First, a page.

For example, in a variable bandwidth system with a low data rate where the possible bandwidth sizes are 1 MHz, 2 MHz, and 3 MHz, if one wanted to set up a lowpass filter for the incoming signal, one would have to actually have 3 lowpass filters, one for 1 MHz bandwidths, one for 2 MHz bandwidths, and one for 3 MHz bandwidths. This increase in complexity takes up extra space in a system as well as costs extra money.
What is needed is a way to implement a wide range of filters with one single structure, which is capable of performing filtering in systems with low bandwidths and has the flexibility to work under varying sampling frequencies.
Digital filtration is accomplished by splitting the incoming signal into phases. Each phase is then converted into a weighted sum reflecting the design of a prototype filter. Then the data is again split into phases at which time specific points may be interpolated and the data accumulated until a filtered signal has resulted. All of the steps can be easily modified after manufacture so that the filtration can handle variable bandwidth systems at low data rates, as well as implement a wide variety of filtering structures.
FIG. 1 is an example of a typical signal plotted on a graph of magnitude over frequency.
FIG. 2A is an example of the signal in FIG. 1 after it has been passed through one type of prototype filter.
FIG. 2B is an example of the signal in FIG. 1 after it has been passed through a rejection filter.
FIG. 2C is an example of the signal in FIG. 1 after it has been passed through a lowpass filter.
FIG. 3 is an example of the channel spectrum in a system using fixed bandwidth channels.
FIG. 4 is an example of the channel spectrum in a system using variable bandwidth channels.
FIG. 5 depicts the apparatus representing the preferred embodiment of the present invention.
FIG. 6 depicts the method representing the preferred embodiment of the present invention.
Those of ordinary skill in the art will realize that the following description of the present invention is illustrative only and not in any way limiting. Other embodiments of the invention will readily suggest themselves to such skilled persons.
The present invention is a single digital filter capable of variable bandwidth filtering which does not suffer from the prior art aliasing problems at low bandwidths. FIG. 5 depicts the preferred embodiment of the invention. A system including the digital filter would include the filter, along with an A/D converter 40 which converts the signal from analog to digital form by sampling the signal at a specific sampling frequency. The signal is then passed to the digital filter.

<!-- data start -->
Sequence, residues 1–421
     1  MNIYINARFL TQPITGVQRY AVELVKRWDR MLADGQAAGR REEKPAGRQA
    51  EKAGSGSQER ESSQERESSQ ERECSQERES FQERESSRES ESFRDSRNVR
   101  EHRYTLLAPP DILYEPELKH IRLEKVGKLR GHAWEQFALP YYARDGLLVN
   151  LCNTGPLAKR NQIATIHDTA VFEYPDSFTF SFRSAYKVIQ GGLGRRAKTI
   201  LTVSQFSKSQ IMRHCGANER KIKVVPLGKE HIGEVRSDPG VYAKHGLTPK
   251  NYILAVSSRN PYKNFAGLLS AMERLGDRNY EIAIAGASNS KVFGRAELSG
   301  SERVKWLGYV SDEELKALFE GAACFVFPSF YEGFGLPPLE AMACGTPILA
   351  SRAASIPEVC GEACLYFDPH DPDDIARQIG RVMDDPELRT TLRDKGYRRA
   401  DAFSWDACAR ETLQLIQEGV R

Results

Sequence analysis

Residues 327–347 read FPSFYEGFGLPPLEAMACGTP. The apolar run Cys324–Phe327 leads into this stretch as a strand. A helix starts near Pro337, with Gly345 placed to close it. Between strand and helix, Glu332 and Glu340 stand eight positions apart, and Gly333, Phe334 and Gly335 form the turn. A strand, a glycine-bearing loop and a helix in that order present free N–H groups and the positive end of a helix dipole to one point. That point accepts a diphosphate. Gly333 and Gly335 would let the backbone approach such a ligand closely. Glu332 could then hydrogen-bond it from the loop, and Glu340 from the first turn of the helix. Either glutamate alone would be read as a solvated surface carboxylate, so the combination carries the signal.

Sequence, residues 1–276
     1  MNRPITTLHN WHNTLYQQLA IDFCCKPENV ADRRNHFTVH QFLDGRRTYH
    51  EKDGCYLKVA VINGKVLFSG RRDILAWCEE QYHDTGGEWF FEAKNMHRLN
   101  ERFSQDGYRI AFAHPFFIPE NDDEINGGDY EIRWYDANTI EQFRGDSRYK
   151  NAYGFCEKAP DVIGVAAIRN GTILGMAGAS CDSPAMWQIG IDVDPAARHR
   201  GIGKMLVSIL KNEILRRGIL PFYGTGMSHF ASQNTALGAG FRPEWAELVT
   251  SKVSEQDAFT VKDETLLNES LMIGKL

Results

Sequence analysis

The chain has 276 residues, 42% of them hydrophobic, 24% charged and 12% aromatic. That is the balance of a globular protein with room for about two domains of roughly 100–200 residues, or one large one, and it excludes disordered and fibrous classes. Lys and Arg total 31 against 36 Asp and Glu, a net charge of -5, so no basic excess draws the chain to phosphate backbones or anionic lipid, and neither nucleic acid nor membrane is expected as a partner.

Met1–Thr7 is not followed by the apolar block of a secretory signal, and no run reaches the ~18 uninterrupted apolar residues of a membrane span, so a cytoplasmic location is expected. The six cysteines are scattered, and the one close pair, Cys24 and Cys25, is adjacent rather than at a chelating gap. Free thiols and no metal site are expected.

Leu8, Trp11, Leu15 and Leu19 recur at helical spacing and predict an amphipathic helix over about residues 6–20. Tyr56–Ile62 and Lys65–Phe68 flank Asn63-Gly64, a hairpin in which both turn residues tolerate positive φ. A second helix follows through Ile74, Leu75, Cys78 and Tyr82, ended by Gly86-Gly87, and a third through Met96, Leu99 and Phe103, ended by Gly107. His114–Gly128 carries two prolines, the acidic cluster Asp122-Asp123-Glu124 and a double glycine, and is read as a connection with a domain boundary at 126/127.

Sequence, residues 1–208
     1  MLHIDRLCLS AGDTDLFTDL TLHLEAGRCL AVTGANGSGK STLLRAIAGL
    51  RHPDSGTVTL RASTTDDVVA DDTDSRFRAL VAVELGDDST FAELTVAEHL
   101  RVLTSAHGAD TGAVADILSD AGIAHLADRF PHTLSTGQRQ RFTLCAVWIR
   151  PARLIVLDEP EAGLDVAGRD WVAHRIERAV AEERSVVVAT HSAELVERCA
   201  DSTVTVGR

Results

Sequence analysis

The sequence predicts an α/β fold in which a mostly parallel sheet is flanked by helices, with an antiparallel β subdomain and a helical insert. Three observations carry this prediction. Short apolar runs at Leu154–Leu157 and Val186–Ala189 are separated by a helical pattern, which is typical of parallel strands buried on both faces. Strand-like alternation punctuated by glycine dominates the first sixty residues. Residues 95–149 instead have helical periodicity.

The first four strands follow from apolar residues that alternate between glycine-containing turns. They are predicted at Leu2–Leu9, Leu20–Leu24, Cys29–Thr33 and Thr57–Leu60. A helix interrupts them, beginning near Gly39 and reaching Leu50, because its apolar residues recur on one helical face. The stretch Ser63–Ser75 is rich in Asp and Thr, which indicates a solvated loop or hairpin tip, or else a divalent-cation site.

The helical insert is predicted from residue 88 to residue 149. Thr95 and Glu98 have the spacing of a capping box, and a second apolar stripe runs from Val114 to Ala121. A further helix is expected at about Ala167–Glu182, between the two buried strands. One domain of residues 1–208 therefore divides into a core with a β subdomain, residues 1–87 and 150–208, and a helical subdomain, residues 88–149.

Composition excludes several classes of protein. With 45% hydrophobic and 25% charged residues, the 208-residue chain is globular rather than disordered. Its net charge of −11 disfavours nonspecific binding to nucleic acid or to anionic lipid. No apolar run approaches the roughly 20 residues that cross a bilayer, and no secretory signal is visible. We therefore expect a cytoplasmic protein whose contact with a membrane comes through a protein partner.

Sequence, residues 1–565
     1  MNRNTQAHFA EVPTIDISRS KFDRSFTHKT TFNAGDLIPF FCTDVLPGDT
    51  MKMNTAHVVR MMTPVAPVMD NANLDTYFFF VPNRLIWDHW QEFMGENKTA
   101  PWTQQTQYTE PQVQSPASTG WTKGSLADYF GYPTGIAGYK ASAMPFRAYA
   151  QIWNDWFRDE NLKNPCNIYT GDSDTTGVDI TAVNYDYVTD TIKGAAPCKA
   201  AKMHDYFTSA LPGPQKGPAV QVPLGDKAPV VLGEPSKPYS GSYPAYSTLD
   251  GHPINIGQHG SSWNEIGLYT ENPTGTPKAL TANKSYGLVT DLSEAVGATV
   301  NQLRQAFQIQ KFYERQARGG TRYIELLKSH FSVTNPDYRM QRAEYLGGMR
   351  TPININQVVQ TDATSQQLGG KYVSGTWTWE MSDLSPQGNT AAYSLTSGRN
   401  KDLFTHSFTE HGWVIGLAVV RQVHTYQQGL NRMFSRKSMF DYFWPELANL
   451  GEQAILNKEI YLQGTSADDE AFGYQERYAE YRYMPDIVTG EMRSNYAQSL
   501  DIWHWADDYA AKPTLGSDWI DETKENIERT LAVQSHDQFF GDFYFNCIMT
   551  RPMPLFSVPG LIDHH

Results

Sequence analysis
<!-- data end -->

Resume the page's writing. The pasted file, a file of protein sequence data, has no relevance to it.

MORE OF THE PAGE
Within the digital filter, the first shuffler 42 takes the signal 40 and splits it into smaller sequences, each sequence containing different phases of the signal. One embodiment of this shuffler is be a series of levels of delays, each level having more delays than the previous level. However, there are numerous ways to design a shuffler known in the prior art. In fact, since this is an entirely digital system, the shuffler is normally contained on a chip. The advantage of implementing the shuffler digitally is that a parameter M can be passed to it which changes the size of the phases. As explained later, this will allow for scaling of the output of the prototype filter 44.
The output of the first shuffler 42 can then be passed through a prototype filter 44. The prototype filter 44 can be any design of filter the user wishes to implement. In a digital implementation, the prototype filter usually takes each of the phases individually, and returns a weighted sum of the numbers in the sequence. The amount each number is weighted is determined by how the user wishes to filter the signal, which is dictated by the structure of the prototype filter 44. Prototype filters are known in the prior art. One example of a prototype filter would be one designed to alter the shape of the voltage-frequency wave (as shown in FIG. 2A). The design of the prototype filter will affect the weighted sums that it outputs, allowing the alteration of the wave. This weighting can be affected by changes in the length or the width of the prototype filter (i.e. the overall structure of the prototype filter). Of course, since the prototype filter is "hardwired", it cannot be modified on the fly. Therefore, in our present example, the specific "shape" of the alteration cannot be altered. However, changes in the parameter M passed to the first shuffler will change the size of the phases, thus scaling of the bandwidth of the prototype filter 44. This can be accomplished using a control mechanism 52 which is coupled to the first shuffler which can then alter the size of the phases. The equivalent bandwidth of the system is the 1/M of the bandwidth of the prototype filter. M can be thought of as the "length" of the first shuffler, even though in the digital world the physical "length" of the shuffler is not determinative. It is also important to remember that the prototype filter can emulate any type of filter and need not alter the "shape" of the signal if the user does not wish.